The Party Is Coming. Here’s What to Wear.


As, in a very different way, was Matthew Williams’s Givenchy collection. His official “show” debut, after a low-key presentation last season, was also largely black and white, with dashes of lipstick red, lavender and smoky orange. Filmed in a cavernous arena with a flooded floor, it was high in aggression and attitude, rife with extreme accessories that will probably become viral hits, clear in its vocabulary (and complete with its own soundtrack, courtesy of Robert Hood, a godfather of minimal techno), but not exactly original.

Exaggerated fur chubbies, big-shouldered bomber jackets and razor-tailored jackets were whittled down to tight little waists, the silhouette weighted at the neck with heavy metal chain-link necklaces, at the hands with yeti-mittens and at the feet with hoof-like block platforms (the kind awfully reminiscent of Alexander McQueen). Hemlines were given spiky, asymmetric cuts and slithery lace gowns were shredded to expose what was underneath. Atop it all came bat-eared knit balaclavas and Jughead bandanna crowns. Imagine what you might want to wear if you went to a gold-knuckled fight club, and this would be it.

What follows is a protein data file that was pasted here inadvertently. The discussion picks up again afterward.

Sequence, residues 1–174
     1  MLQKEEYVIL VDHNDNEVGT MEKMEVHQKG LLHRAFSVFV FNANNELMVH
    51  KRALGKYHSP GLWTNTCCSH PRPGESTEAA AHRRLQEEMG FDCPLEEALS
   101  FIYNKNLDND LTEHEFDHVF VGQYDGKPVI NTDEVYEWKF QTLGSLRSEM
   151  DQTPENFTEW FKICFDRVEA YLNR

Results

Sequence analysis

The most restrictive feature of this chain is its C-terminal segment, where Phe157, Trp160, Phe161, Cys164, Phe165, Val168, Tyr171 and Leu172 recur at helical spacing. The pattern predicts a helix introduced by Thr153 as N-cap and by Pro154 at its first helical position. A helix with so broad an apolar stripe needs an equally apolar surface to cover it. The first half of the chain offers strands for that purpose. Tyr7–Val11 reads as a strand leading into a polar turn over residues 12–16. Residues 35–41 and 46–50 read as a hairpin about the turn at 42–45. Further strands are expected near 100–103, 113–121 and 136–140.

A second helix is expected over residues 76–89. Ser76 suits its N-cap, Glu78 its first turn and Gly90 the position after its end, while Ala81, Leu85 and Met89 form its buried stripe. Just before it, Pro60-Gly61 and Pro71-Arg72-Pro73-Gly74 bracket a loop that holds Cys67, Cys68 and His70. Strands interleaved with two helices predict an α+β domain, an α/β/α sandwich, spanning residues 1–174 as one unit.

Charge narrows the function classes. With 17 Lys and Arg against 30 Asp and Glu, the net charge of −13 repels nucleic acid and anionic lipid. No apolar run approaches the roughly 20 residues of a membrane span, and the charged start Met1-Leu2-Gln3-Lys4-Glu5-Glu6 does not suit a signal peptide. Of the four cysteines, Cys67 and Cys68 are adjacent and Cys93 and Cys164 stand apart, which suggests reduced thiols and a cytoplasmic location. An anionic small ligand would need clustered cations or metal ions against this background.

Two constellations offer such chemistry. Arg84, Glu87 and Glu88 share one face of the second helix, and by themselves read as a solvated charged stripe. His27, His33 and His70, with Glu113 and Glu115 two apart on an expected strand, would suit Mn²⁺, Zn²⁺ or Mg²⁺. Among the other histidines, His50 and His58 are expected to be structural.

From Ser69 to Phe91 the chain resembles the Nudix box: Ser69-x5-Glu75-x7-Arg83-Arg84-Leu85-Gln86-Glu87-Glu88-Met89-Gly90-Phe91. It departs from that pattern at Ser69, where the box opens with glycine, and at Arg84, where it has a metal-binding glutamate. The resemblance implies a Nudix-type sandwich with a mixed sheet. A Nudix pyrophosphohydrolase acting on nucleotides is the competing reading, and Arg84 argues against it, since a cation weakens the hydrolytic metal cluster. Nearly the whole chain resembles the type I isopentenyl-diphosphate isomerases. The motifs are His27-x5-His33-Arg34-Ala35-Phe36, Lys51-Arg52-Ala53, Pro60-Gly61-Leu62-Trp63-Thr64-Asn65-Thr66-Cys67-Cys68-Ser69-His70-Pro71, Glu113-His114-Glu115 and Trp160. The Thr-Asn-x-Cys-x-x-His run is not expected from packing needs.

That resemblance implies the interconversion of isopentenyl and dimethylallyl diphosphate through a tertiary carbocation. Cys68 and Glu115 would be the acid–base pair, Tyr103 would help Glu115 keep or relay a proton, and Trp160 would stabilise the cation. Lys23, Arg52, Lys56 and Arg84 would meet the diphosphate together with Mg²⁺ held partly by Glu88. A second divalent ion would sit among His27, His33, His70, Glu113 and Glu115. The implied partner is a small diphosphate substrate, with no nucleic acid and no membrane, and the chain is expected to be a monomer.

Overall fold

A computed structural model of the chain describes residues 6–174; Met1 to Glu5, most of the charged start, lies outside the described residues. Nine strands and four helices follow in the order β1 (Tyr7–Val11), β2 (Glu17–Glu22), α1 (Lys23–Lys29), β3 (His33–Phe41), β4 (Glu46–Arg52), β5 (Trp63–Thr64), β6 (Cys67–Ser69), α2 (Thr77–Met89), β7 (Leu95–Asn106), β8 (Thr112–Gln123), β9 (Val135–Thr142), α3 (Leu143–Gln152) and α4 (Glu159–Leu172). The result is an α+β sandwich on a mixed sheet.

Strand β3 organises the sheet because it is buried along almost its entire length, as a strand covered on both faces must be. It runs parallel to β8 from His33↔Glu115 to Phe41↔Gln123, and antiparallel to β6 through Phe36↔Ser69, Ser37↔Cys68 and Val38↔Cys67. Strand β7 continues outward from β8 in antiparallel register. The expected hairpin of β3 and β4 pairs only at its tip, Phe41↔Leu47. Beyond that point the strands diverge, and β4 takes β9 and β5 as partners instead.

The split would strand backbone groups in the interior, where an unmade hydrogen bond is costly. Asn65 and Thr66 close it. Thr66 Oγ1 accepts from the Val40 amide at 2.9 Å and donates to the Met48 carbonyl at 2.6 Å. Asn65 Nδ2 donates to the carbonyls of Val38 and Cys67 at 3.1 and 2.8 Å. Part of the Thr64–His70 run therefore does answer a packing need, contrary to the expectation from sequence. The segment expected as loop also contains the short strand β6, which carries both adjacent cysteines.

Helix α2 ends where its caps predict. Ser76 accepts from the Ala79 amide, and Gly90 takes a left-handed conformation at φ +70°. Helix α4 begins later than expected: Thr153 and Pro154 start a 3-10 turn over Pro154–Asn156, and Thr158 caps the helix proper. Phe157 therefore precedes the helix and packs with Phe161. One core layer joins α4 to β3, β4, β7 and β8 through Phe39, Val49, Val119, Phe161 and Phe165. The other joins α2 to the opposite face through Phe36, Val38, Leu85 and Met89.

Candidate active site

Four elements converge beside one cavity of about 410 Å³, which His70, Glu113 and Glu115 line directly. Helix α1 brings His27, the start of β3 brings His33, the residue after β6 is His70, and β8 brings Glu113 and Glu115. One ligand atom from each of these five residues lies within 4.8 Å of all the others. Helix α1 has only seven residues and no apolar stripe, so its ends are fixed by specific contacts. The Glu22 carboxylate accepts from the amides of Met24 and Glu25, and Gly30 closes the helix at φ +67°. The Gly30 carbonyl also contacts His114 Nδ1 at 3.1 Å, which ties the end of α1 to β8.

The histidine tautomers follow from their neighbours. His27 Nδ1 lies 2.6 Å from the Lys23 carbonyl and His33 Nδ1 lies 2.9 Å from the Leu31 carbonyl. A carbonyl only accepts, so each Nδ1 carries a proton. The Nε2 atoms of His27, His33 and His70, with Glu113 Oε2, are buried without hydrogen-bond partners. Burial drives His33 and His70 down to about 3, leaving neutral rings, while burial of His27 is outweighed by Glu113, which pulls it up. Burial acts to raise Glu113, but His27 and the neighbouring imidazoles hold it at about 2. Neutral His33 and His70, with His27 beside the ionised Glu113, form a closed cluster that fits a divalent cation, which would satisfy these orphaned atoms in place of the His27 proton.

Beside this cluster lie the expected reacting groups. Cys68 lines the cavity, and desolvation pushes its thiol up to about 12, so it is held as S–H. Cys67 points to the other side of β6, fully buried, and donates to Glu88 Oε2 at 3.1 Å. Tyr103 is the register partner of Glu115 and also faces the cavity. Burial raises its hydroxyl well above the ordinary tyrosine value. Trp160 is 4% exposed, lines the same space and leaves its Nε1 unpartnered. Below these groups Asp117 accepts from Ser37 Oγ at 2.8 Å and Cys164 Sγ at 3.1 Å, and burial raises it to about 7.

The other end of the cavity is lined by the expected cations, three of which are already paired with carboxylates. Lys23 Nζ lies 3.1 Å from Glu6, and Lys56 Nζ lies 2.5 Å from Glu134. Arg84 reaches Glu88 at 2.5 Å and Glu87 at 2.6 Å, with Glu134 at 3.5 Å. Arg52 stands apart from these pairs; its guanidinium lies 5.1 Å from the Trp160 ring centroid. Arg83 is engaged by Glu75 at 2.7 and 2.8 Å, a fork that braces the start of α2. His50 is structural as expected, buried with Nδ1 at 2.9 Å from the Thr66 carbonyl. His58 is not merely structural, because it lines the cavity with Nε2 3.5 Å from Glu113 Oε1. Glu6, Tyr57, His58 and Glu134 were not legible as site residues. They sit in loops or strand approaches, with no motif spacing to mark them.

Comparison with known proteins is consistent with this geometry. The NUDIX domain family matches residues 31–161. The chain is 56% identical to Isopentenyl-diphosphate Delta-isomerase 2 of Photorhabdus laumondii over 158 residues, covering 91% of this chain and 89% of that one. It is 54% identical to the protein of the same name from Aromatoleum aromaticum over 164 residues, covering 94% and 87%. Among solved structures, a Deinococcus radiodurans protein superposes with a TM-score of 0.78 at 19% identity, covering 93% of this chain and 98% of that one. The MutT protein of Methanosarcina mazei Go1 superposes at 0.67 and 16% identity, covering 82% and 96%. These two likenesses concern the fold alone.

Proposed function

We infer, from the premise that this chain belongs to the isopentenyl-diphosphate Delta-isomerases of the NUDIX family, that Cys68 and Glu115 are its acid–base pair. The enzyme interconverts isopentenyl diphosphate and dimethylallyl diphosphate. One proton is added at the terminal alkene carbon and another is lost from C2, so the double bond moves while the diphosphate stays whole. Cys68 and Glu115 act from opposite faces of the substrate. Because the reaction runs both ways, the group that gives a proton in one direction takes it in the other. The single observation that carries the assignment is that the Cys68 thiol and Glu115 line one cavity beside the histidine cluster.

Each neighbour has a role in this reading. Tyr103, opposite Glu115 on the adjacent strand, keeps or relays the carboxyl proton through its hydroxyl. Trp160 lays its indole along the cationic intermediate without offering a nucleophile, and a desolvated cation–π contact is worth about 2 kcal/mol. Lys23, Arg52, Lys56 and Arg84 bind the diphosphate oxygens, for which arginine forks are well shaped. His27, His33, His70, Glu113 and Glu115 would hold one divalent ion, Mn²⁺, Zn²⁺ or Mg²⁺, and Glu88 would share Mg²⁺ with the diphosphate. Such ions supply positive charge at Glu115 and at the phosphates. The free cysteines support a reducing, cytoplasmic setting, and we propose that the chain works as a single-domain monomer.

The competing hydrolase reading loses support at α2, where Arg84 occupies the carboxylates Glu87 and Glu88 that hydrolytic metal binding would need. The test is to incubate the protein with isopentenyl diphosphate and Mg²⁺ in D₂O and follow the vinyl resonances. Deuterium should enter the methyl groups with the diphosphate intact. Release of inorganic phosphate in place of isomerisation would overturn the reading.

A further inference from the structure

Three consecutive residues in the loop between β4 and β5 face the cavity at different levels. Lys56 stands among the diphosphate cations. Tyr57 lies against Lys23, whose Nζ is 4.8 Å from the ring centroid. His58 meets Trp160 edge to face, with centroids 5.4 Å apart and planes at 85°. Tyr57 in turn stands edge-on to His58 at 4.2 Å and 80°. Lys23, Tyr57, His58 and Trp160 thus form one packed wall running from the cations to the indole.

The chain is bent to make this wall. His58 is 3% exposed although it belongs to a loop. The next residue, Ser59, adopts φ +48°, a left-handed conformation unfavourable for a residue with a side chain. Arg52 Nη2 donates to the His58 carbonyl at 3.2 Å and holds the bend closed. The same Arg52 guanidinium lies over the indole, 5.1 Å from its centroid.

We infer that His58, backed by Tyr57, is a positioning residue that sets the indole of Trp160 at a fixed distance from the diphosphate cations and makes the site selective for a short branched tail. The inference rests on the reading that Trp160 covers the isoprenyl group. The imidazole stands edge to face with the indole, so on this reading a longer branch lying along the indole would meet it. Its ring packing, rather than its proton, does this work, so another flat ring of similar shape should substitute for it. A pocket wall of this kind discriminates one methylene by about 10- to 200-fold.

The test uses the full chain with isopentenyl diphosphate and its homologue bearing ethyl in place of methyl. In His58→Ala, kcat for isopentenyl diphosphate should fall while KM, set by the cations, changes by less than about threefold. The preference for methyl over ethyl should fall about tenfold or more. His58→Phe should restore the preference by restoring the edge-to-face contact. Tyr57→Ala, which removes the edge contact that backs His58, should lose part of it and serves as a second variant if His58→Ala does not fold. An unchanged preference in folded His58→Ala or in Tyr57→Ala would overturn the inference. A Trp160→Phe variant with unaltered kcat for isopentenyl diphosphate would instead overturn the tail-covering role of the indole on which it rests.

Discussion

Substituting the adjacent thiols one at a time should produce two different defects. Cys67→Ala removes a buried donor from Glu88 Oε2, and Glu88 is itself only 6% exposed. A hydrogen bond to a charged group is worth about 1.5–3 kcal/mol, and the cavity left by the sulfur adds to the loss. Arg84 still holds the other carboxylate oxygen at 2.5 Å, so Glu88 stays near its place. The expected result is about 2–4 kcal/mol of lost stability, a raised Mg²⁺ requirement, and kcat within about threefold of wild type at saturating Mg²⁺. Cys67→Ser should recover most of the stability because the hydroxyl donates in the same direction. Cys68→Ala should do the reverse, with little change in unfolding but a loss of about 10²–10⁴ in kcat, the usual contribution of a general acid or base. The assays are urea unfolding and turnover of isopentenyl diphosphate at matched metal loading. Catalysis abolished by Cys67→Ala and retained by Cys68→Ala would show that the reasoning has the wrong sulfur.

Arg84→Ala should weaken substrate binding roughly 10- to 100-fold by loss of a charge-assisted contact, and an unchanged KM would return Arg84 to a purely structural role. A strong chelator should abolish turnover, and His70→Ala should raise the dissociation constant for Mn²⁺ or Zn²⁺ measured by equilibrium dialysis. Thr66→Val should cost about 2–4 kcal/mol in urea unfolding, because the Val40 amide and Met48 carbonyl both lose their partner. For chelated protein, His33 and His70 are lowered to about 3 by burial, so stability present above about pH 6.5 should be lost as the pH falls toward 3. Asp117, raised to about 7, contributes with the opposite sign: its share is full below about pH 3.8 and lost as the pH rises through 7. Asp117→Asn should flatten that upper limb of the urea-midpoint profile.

While such luxury hard-core, haute-street territory has been mined before, by designers such as Riccardo Tisci, one of Mr. Williams’s Givenchy predecessors, as well as Mr. Williams’ former employer, Kanye West (in his pre-Yeezy fashion incarnation), an argument could be made that each generation should get to experiment with it anew. At least until the bare breasts in little triangles of bra tops minus the actual fabric appeared.

Once upon a time, back in the days of Yves Saint Laurent and early Helmut Newton, this could have qualified as provocative and edgy. On a call, Mr. Williams said that for him it was about female empowerment. But at this particular moment in time — post-MeToo, with the first female vice president in office in America, in the same month as International Women’s Day for goodness sake — it’s impossible to see flashing a female nipple on a runway as anything other than stale and wrongheaded.

Even before the pandemic, that was a look that had had its day. Mr. Williams may want to take another look into his crystal ball.



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